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Strategies for handling stress

Maroon Bells (colorful mountains with a lake in the foreground)

Rebecca Dell
January 19, 2018

Whether you’re applying for colleges, waiting on a decision, helping someone else apply or already wading through classes, there’s a good chance you’re stressed. Some of that stress is self-imposed, some comes from family expectations for academic success and some is caused by external factors such as money, distance from home and relationships. And the list goes on.

What’s a student to do? Here are a few tips for managing and mitigating stress so you can focus on your people, your classes and your dreams.  


Check out UNC professor Mike Kimball's podcasts on mindfulness and stress management techniques:

Mindfulness, part I

Mindfulness, part II

Take a day off.

This may feel totally impossible, but hear us out: Yes, it’s important to attend class. Yes, it’s important to be reliable. But when you’re feeling like you’re about to explode with stress, simplify. Say no to extra commitments for an afternoon, fit in a workout (see below), go for a walk or catch up on homework — and take care of yourself. If you cancel any plans, be sure to communicate ahead of time so you don't leave anyone wondering what happened. And then make good use of the time off.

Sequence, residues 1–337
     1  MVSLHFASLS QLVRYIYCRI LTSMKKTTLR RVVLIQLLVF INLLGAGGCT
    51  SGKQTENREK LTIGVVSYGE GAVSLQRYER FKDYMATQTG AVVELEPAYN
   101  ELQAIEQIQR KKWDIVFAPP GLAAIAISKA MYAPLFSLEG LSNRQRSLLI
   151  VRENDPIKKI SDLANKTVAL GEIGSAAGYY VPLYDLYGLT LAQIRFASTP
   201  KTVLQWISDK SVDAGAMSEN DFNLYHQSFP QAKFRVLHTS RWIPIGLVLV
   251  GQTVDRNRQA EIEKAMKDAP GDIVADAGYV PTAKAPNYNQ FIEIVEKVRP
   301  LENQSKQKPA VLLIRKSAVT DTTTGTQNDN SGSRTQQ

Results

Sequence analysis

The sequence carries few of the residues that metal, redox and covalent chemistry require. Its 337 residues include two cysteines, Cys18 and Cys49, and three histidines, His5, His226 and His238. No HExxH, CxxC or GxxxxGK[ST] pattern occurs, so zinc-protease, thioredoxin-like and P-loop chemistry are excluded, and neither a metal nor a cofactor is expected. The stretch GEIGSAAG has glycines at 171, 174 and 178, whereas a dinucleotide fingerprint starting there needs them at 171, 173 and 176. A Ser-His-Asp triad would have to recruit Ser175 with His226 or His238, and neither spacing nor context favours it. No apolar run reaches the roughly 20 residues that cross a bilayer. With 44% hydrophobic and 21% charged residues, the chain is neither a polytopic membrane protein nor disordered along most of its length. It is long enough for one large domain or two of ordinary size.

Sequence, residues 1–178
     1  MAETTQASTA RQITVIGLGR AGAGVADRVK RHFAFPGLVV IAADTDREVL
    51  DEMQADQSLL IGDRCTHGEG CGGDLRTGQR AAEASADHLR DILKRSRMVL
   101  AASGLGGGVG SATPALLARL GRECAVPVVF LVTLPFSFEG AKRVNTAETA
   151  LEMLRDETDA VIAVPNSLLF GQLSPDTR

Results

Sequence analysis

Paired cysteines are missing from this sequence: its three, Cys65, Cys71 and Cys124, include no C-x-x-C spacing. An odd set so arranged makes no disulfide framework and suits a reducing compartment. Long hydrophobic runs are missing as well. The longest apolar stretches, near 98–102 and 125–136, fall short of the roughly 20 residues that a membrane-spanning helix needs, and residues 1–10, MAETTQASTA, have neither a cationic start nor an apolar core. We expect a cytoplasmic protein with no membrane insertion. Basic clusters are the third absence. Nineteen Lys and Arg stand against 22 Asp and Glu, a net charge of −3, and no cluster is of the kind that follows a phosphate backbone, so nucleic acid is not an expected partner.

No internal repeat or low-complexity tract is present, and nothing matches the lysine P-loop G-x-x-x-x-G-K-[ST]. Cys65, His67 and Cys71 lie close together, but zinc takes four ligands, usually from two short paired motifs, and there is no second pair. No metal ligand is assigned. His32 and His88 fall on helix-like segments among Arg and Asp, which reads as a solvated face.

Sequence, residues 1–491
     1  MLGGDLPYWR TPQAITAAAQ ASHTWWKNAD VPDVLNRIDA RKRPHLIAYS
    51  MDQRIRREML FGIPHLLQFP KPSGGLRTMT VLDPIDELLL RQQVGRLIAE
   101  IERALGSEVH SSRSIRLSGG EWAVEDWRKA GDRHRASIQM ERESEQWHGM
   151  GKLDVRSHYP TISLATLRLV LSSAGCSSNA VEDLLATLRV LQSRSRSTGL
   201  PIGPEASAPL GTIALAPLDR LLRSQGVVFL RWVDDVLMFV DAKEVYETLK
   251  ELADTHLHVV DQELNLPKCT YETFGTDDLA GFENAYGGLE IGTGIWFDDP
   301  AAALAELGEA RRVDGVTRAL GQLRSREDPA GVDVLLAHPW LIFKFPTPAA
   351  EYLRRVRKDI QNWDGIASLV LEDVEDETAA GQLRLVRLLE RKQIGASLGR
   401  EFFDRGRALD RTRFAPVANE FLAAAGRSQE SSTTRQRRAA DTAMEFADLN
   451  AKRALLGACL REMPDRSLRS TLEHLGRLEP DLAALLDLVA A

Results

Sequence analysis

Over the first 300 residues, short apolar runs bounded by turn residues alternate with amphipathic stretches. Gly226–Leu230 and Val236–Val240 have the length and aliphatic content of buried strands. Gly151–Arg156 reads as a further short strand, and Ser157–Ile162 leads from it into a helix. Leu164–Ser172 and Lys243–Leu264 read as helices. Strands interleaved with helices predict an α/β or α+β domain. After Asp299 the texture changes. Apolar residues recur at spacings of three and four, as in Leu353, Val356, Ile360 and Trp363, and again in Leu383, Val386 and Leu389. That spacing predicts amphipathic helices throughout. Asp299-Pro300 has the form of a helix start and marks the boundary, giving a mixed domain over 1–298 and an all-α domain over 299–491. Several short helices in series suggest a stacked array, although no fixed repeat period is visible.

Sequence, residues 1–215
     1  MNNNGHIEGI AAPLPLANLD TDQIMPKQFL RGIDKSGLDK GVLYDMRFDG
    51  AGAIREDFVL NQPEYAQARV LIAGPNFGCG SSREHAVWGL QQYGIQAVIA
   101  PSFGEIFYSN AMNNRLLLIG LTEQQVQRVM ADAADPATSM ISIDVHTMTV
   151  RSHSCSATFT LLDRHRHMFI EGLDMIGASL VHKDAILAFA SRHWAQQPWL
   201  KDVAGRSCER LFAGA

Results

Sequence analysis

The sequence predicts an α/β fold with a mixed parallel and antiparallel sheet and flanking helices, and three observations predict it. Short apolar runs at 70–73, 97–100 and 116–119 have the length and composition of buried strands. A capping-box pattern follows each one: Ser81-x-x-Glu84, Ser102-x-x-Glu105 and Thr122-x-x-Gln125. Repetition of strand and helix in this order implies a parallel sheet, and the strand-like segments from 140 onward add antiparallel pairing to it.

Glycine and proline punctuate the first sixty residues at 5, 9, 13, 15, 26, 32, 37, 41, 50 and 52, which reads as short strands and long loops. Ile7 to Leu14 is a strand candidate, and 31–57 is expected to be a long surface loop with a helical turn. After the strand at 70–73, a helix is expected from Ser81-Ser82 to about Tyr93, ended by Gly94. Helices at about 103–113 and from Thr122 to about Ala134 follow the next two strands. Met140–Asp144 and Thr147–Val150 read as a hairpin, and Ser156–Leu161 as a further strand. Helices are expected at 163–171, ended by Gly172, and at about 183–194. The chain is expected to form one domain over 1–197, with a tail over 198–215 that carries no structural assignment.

Exercise is scientifically good for you, and just about everyone these days would agree. The hard part is getting motivated, if you’re not already in the habit. One well-known tip for getting started? Find something you enjoy. If you do best with the structure of a class, find a nearby gym (or the campus rec center) and write it into your schedule. For a more budget-friendly option, find a fitness instructor you like on YouTube (especially for winter months). Try different class types — if you need something gentle, try yoga or Pilates. If you want an intense workout, look for something with high-intensity interval training (HIIT). Play pick-up soccer, take dance lessons, even take a P.E. class (yes, they have those in college!).

Identify and use a coping skill.

Think of a variety of things that make you feel better, and write them down now so you don’t have to come up with a plan when you’re already stressed. If you have habits that aren’t super healthy — for example, if you binge watch Season 5 of Breaking Bad whenever you’re feeling stressed — try to replace that habit with some of your healthy coping skills (so you’ll still have time to get your homework done). A few ideas: squeeze a stress ball in class, take a nap, go for a walk or a drive, call a friend, draw, dance, build something, brush your teeth, curl up in a blanket, pray or meditate. 

Anxiety and college students

College comes with unique pressures to keep up, to compete for future jobs, and to make the most of your experience and your expense. That’s all acknowledged in a video by the Chronicle of Higher Education, where students who deal with anxiety offer insight to their lives and strategies. Some of their coping skills? Call someone you can talk to, breath deeply, acknowledge your anxiety, take a day off from class, or go to a counselor and see what kind of help they can offer.